A week from tomorrow, Monday, October 4, 2010 will mark the forty-fifth anniversary of an extraordinary moment in the life of the Catholic Church in the United States and of the papacy. It was on that very day that the first Pope in history set foot on American soil. He came as an uninvited guest to our country to speak to and at the sole invitation of the United Nations in a speech that was widely praised throughout the world. At the annual meeting of the General Assembly to which he had been invited, speaking in French, he spoke the now famous words, “no more war, war never again. Peace, it is peace that must guide the destinies of all mankind.” He might have easily left this continent at the conclusion of his historic visit to the U.N. but he had one more thing to do prior to departing for Rome. Paul VI took his remaining time to speak to the United States, to we Catholics who were so proud that day, this time at the old Yankee Stadium, late in the day, and the Gospel was today’s, Lazarus and the Rich Man, the poor and the rich, people and nations, all God’s children.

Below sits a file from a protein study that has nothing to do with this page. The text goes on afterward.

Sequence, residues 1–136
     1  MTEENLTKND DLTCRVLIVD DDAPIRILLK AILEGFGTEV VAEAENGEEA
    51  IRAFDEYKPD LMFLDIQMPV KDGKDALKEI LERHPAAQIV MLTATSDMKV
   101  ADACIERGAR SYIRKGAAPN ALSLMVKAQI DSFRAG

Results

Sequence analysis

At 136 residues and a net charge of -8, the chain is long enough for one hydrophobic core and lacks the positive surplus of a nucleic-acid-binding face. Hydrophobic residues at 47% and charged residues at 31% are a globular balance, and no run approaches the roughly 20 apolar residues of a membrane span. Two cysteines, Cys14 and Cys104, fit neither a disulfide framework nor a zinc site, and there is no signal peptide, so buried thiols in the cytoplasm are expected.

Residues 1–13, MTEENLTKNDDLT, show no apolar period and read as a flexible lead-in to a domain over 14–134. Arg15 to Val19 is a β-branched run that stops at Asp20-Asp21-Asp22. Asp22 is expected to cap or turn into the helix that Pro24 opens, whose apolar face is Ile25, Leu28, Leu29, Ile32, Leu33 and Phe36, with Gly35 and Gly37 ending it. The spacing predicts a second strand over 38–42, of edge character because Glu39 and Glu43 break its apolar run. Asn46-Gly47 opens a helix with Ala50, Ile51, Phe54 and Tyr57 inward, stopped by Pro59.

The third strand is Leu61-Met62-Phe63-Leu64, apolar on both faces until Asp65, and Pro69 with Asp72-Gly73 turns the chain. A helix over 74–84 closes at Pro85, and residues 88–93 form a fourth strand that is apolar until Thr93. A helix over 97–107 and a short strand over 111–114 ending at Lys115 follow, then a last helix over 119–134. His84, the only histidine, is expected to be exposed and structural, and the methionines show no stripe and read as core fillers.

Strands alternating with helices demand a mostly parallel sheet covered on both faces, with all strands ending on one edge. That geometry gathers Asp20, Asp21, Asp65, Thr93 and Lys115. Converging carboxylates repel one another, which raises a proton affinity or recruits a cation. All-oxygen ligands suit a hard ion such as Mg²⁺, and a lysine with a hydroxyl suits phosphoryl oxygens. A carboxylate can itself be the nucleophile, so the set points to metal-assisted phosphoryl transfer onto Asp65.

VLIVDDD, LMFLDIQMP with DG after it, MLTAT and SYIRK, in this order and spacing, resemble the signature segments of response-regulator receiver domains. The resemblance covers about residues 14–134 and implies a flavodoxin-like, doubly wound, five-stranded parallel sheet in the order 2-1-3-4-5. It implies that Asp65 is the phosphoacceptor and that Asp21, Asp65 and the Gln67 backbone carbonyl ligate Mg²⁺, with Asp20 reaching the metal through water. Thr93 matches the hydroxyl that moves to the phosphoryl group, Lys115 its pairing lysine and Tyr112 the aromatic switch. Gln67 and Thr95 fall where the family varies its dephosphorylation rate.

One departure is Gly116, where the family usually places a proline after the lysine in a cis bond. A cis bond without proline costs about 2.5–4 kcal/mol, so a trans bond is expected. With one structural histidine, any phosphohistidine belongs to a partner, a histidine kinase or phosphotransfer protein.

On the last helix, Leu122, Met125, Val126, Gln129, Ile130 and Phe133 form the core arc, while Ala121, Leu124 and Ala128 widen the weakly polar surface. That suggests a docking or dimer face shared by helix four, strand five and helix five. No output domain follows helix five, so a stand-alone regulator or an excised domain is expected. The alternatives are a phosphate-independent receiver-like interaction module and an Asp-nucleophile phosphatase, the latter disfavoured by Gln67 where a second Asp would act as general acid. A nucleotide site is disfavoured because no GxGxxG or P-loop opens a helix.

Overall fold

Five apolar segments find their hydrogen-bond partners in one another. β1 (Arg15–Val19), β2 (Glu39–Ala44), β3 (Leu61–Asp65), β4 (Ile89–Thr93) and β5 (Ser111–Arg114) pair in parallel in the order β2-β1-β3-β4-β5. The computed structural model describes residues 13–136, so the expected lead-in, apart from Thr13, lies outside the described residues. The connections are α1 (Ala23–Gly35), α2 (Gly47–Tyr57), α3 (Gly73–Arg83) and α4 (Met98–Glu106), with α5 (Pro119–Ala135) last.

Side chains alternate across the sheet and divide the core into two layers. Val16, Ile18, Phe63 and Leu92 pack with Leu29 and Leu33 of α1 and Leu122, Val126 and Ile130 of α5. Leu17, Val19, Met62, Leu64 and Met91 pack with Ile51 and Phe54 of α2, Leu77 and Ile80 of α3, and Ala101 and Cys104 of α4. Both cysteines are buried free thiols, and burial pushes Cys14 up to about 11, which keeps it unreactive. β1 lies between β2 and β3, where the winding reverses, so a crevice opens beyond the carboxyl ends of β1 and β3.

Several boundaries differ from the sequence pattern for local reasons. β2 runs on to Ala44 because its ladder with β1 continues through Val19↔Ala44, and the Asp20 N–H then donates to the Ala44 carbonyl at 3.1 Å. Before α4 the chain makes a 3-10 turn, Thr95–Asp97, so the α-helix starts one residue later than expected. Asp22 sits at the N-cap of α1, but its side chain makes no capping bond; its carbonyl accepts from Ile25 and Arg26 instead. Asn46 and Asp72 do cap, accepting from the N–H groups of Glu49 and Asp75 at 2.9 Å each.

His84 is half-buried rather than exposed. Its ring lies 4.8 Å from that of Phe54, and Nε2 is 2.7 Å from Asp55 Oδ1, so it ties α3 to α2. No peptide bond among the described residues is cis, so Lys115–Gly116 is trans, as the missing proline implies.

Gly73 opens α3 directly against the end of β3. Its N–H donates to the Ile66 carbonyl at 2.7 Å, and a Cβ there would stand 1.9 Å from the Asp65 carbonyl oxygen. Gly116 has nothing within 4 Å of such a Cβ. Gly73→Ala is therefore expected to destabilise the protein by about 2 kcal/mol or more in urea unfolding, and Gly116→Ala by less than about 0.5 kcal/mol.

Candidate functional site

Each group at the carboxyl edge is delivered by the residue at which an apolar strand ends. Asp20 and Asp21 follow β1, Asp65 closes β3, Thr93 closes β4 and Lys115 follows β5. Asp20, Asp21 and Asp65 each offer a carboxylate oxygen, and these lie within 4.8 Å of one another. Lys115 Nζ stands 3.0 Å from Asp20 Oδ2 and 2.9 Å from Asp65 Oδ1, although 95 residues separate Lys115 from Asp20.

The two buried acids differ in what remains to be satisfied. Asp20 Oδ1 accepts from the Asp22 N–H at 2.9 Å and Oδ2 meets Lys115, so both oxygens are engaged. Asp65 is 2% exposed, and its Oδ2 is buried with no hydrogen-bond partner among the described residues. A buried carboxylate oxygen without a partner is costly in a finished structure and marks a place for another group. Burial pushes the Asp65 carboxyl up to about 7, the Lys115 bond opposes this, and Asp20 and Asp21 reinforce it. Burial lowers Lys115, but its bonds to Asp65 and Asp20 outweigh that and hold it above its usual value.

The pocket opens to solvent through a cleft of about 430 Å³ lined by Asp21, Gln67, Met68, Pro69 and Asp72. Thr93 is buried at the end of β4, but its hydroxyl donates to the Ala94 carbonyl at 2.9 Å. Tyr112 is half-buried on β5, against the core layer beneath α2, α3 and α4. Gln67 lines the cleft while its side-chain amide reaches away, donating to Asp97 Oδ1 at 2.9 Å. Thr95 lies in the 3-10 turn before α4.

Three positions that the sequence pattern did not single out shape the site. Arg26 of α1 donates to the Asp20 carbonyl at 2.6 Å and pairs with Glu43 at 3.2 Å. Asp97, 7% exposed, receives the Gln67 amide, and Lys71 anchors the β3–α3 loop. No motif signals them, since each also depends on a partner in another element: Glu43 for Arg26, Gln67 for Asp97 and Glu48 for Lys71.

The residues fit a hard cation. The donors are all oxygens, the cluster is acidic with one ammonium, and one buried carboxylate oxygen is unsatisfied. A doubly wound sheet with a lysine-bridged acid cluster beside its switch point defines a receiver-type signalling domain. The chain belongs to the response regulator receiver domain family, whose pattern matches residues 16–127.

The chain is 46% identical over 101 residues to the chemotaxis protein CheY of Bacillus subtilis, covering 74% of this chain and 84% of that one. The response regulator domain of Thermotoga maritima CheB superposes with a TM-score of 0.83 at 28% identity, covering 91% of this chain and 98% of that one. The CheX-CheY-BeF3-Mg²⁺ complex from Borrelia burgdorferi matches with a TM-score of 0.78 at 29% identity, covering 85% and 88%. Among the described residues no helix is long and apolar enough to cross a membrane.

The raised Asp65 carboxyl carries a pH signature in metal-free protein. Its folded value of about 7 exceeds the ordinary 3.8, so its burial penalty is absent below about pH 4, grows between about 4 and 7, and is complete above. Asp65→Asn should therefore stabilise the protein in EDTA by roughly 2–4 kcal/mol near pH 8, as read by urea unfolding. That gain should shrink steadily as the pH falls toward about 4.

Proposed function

I can not forget that night, transfixed in front of a television set, watching the frail figure of the successor of St. Peter in the house that the non-biblical Ruth built challenge myself and the country I love to do more than merely send the “scraps” of our plenty to the poor in our country and in the world but instead to share of our substance. It was at that precise moment, I recall, that I first began to understand both the power of God’s Word which some of you this morning will be formally allowed to proclaim. There is power to be found even in simply proclaiming the Word of God.

The first reading from Amos when read with passion puts all of us on notice that too much comfort can lead to complacency and too much complacency can lead to eternal exile. The second reading when read with feeling stirs in the hearts of the listeners Paul’s exhortation to cloth ourselves not in rich purple robes, green vestments, lace garments, for they will amount to little in the final reckoning but rather in righteousness, devotion, faith, love, patience, and gentleness. Paul says, “pomp” doesn’t work; instead we must humbly bring our gifts to the competition for the faith of our human family. To proclaim the word of God is to share one’s faith, one’s belief, and one’s hope.